The best toys engage a child's senses, spark their imaginations and encourage them to interact with others. As they grow, infants can use toys to explore object permanence and cause and effect relationships. They also need objects such as blocks to help them build motor skills and hand-eye coordination. It impacts cognitive development, social and emotional development, as well as language development. It does seem that toys encouraging certain personality traits or styles of playing, like more aggressive play, will have an impact. Kids might play more aggressively if they have toys that encourage aggression. Toys are fun, but toys are also tools that help children learn about themselves and the world around them. Play is critical to the healthy growth and development of children. As children play, they learn to solve problems, to get along with others and to develop the fine and gross motor skills needed to grow and learn.
- Physical dexterity. Swings, wading pools, doll carriages, child-sized vehicles, and ride-on toys help build strength, confidence, and balance.
- Creativity. Finger paints, play dough, paper, and crayons all encourage artistic development, plus the fine-motor skills required for writing.
- Problem-solving. Nature-based activities such as making mudpies and digging in the sandbox, help your child become an experimenter and investigator. Blocks, and anything your child can separate into groups, also encourage both manipulation (good for motor-skill development) and categorization.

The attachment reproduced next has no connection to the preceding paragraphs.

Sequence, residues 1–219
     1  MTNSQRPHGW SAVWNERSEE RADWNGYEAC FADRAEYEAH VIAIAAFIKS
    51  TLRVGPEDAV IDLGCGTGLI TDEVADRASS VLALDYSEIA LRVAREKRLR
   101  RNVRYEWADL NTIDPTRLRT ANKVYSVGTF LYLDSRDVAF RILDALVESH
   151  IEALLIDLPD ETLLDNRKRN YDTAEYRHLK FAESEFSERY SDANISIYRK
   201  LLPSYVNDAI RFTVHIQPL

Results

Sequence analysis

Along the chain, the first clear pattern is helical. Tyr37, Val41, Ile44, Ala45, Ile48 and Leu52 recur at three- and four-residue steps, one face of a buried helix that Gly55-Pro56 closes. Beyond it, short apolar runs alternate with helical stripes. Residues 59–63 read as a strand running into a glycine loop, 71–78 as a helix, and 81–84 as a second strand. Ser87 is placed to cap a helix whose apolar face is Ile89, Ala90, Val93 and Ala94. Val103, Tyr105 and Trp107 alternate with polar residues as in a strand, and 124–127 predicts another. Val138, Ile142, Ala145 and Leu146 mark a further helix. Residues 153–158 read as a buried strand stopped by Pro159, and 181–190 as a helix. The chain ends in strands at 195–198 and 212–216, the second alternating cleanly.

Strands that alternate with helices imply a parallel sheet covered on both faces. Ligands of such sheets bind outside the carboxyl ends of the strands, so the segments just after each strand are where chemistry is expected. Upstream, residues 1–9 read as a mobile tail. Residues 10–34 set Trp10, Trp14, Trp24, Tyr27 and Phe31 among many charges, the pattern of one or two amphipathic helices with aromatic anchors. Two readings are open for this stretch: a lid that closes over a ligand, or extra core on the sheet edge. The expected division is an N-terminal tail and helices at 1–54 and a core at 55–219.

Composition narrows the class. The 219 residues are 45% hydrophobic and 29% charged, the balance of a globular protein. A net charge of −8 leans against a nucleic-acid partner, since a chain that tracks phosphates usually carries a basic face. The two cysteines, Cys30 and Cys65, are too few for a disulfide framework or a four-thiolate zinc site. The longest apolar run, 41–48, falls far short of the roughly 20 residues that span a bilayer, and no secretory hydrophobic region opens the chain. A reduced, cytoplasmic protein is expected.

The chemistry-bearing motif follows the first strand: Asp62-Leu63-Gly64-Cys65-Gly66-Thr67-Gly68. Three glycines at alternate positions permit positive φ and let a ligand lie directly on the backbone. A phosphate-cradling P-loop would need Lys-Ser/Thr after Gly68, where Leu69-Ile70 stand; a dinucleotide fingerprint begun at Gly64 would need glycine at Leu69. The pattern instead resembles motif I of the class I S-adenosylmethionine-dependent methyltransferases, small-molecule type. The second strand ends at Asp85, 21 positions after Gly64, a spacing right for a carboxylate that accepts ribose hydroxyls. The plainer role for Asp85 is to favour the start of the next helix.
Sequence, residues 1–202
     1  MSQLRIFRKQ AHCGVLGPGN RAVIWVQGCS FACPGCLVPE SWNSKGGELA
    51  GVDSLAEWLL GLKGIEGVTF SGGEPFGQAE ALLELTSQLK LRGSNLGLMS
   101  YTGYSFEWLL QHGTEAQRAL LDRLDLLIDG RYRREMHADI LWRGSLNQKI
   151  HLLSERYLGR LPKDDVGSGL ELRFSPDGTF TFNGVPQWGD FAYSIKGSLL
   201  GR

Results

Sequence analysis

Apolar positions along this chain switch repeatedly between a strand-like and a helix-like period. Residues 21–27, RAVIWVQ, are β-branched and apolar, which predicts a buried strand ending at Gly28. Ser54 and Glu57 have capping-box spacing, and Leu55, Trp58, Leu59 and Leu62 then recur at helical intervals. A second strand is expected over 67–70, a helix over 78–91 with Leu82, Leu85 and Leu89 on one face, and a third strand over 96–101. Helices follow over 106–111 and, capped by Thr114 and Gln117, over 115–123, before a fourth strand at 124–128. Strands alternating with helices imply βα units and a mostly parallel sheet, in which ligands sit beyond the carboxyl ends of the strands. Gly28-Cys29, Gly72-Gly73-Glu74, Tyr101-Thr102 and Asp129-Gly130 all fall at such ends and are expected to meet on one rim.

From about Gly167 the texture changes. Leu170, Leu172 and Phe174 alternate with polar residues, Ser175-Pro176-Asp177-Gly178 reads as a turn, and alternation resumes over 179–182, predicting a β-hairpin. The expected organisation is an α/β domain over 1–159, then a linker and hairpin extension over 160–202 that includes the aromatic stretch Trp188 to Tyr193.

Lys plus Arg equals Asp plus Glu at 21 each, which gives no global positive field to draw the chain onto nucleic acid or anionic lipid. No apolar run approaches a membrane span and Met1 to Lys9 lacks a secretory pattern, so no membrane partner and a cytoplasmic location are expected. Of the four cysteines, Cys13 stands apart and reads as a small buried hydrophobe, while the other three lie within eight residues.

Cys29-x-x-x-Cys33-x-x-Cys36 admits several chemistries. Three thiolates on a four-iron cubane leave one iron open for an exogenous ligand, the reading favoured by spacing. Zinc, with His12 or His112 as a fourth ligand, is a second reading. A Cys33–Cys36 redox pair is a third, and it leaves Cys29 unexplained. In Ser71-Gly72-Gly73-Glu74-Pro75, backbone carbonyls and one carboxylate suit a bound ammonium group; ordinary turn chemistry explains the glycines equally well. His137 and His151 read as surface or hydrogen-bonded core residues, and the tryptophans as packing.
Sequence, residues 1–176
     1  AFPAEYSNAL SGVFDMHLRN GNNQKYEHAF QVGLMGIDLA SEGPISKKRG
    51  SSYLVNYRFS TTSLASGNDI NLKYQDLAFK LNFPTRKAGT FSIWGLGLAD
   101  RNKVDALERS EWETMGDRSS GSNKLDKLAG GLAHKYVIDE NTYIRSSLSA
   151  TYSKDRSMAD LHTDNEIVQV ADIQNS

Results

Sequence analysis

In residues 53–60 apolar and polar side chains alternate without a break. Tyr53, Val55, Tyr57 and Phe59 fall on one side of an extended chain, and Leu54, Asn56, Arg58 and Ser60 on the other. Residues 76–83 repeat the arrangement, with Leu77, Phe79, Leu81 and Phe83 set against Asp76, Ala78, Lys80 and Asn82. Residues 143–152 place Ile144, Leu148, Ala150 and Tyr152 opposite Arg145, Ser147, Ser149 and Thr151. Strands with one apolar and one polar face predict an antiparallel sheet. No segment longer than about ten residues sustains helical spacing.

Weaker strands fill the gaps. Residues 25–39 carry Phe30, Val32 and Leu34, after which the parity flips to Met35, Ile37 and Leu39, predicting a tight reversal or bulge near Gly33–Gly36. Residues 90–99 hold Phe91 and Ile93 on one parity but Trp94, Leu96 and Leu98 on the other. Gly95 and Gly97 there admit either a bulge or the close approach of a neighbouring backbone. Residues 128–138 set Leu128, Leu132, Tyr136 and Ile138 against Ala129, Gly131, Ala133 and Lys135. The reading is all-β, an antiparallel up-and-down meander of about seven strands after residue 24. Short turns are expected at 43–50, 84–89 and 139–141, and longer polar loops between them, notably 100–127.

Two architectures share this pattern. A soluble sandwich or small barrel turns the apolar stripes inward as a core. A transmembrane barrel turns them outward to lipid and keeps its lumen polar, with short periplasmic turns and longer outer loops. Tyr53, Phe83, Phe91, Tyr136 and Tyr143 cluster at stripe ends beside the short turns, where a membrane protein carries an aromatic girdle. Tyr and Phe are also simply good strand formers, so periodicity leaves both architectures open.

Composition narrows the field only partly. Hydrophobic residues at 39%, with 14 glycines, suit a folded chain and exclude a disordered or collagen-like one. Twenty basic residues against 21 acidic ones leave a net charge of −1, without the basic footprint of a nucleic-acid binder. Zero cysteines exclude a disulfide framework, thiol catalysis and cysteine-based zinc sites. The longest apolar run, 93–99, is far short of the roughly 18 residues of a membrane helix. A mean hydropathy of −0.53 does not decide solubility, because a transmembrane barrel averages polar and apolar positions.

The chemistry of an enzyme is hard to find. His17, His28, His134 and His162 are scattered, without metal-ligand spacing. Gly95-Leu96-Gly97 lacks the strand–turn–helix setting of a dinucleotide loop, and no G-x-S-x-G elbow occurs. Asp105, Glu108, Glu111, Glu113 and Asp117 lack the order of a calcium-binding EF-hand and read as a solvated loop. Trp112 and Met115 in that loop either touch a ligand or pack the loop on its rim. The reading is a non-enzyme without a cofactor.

- Language development. Reading picture books together is extremely important to building your little one's communication skills.
- Social skills. Dolls and stuffed animals can be used to represent people and play out troubling emotions or situations.
0-4 Months: Babies prepare for developmental achievements during their early months through a mix of motor, sensory and emotional experience. Sensory toys involving textures, sounds and bright, contrasting colors are all great developmental choices for babies. By 4-months-old, babies can bring their hands together in the midline and use their eyes to coordinate hand movement.
4-6 Months: Babies hands are now open, and they’re attempting to reach and grasp objects purposefully. First teeth usually start to erupt around 6 months-old, and everything baby grasps is brought to mouth to teeth on. Objects need to be large enough to not fit completely in the mouth to avoid choking.
6-9 Months: At 6-months-old, babies can sit and manipulate objects with their hands, and their movement patterns are more controlled.
9-12 Months: Babies are now able to sit and pull to stand independently, as well as start to crawl. Push toys need to have a broad, stable base to support babies’ weight and prevent falling.
12-15 Months: Around babies’ first birthdays is when we see their cognitive development really grow. Cause and effect toys are fun, yet challenging. Babies are starting to use words meaningfully and are now standing independently, walking and exploring the environment.
24 Months to 3+ Years: Keeping toddlers busy can be tricky, books are the best toys, for any age, to enhance speech and language development, social and cognitive development and instill in a child the love of reading for a lifetime! Toddlers are starting to name colors, point and name pictures, make animal sounds, starting to count and carry on simple conversations. Make story time interactive and ask questions about the story and see what your toddler comprehends!